Early this week, for example, the New York Times rushed to the defense of Justice Ginsburg’s near-treasonous remarks in Egypt. It referred to a Time magazine article from 1987, which estimated that out of 170 countries in the world at the time, more than 160 nations had “written charters modeled directly or indirectly on the U.S. version.”

But oh how times have changed in just one generation. Today, the supreme law of the land is losing its appeal around the world—and even here in America, in the case of liberal progressives.

“There are lots of possible reasons,” the Times explained. “The United States Constitution is terse and old, and it guarantees relatively few rights. The commitment of some members of the Supreme Court to interpreting the Constitution according to its original meaning in the 18th century may send the signal that it is of little current use to, say, a new African nation. And the Constitution’s waning influence may be part of a general decline in American power and prestige.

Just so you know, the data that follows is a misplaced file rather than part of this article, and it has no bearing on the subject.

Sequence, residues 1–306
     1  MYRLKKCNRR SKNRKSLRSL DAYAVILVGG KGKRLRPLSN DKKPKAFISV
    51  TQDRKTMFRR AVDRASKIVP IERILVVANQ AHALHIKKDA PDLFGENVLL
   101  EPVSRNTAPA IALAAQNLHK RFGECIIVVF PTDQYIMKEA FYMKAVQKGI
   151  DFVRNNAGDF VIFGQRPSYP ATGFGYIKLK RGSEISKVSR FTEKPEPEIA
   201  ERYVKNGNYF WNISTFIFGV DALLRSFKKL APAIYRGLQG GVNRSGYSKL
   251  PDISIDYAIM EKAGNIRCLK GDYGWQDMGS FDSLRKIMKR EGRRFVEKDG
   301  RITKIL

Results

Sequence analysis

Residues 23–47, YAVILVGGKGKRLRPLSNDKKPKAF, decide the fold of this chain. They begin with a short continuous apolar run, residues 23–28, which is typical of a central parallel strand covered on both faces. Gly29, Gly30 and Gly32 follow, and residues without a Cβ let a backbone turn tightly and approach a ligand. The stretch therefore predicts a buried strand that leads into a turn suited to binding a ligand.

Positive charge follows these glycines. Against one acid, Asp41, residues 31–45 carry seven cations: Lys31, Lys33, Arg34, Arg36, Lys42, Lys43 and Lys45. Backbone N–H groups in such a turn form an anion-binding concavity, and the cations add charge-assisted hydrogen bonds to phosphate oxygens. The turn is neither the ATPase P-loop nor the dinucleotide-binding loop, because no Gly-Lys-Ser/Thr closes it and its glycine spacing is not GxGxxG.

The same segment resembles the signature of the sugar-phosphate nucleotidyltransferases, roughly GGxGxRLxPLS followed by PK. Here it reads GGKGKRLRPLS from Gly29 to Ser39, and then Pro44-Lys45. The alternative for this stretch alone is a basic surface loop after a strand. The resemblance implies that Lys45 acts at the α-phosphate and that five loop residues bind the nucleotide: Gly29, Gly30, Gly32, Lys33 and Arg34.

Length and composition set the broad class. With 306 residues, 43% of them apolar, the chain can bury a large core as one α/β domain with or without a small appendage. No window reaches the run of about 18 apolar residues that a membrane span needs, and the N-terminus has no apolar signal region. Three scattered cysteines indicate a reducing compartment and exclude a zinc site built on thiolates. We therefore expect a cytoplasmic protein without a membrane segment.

The ignorance is stunning. America is besieged by all kinds of problems and evils. Its stature and influence among nations has been massively diminished. And yet, rather than view the Constitution as a way to solve our problems, many of our leaders see it as part of the problem!

God says these radical “progressives” will soon get what they want—a more malleable, ever changing constitutional document.

We are evolving, as my father wrote in No Freedom Without Law—evolving into anarchy!